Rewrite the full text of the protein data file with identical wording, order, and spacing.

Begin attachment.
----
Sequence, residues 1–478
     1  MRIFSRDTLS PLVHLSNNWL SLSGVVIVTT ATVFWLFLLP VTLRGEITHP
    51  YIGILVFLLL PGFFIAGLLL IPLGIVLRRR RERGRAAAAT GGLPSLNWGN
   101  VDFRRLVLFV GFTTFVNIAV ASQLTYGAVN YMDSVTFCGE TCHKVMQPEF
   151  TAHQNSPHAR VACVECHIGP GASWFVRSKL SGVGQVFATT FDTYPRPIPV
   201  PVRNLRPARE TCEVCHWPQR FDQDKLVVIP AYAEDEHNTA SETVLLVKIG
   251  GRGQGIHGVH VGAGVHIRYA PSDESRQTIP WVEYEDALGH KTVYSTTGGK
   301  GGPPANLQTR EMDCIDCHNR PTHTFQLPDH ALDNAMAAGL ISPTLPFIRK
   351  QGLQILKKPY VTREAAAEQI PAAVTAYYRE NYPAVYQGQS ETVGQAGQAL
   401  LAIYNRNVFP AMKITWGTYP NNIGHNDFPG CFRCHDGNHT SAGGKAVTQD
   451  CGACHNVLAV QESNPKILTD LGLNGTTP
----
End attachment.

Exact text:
Sequence, residues 1–478
     1  MRIFSRDTLS PLVHLSNNWL SLSGVVIVTT ATVFWLFLLP VTLRGEITHP
    51  YIGILVFLLL PGFFIAGLLL IPLGIVLRRR RERGRAAAAT GGLPSLNWGN
   101  VDFRRLVLFV GFTTFVNIAV ASQLTYGAVN YMDSVTFCGE TCHKVMQPEF
   151  TAHQNSPHAR VACVECHIGP GASWFVRSKL SGVGQVFATT FDTYPRPIPV
   201  PVRNLRPARE TCEVCHWPQR FDQDKLVVIP AYAEDEHNTA SETVLLVKIG
   251  GRGQGIHGVH VGAGVHIRYA PSDESRQTIP WVEYEDALGH KTVYSTTGGK
   301  GGPPANLQTR EMDCIDCHNR PTHTFQLPDH ALDNAMAAGL ISPTLPFIRK
   351  QGLQILKKPY VTREAAAEQI PAAVTAYYRE NYPAVYQGQS ETVGQAGQAL
   401  LAIYNRNVFP AMKITWGTYP NNIGHNDFPG CFRCHDGNHT SAGGKAVTQD
   451  CGACHNVLAV QESNPKILTD LGLNGTTP